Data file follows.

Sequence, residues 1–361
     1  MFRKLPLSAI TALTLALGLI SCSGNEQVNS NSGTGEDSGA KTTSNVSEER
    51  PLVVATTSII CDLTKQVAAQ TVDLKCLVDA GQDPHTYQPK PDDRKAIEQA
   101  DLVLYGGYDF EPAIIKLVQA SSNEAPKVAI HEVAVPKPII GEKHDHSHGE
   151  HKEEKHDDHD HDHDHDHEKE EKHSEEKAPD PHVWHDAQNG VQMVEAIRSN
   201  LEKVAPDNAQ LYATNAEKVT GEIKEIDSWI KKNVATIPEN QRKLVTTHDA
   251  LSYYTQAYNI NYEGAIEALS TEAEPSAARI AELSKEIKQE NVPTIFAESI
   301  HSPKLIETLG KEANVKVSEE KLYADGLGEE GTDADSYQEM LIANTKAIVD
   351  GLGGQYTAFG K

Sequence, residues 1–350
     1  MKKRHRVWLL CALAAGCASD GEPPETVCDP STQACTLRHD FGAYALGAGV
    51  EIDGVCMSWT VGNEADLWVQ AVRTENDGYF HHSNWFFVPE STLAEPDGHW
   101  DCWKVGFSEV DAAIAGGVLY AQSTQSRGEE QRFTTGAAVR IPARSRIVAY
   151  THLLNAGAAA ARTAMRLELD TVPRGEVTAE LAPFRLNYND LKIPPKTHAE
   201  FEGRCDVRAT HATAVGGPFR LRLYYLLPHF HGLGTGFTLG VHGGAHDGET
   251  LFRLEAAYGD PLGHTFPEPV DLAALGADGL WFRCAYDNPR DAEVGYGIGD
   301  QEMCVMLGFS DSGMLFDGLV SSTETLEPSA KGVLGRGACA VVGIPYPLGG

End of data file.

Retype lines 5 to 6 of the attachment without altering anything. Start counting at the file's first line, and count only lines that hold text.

   151  HKEEKHDDHD HDHDHDHEKE EKHSEEKAPD PHVWHDAQNG VQMVEAIRSN
   201  LEKVAPDNAQ LYATNAEKVT GEIKEIDSWI KKNVATIPEN QRKLVTTHDA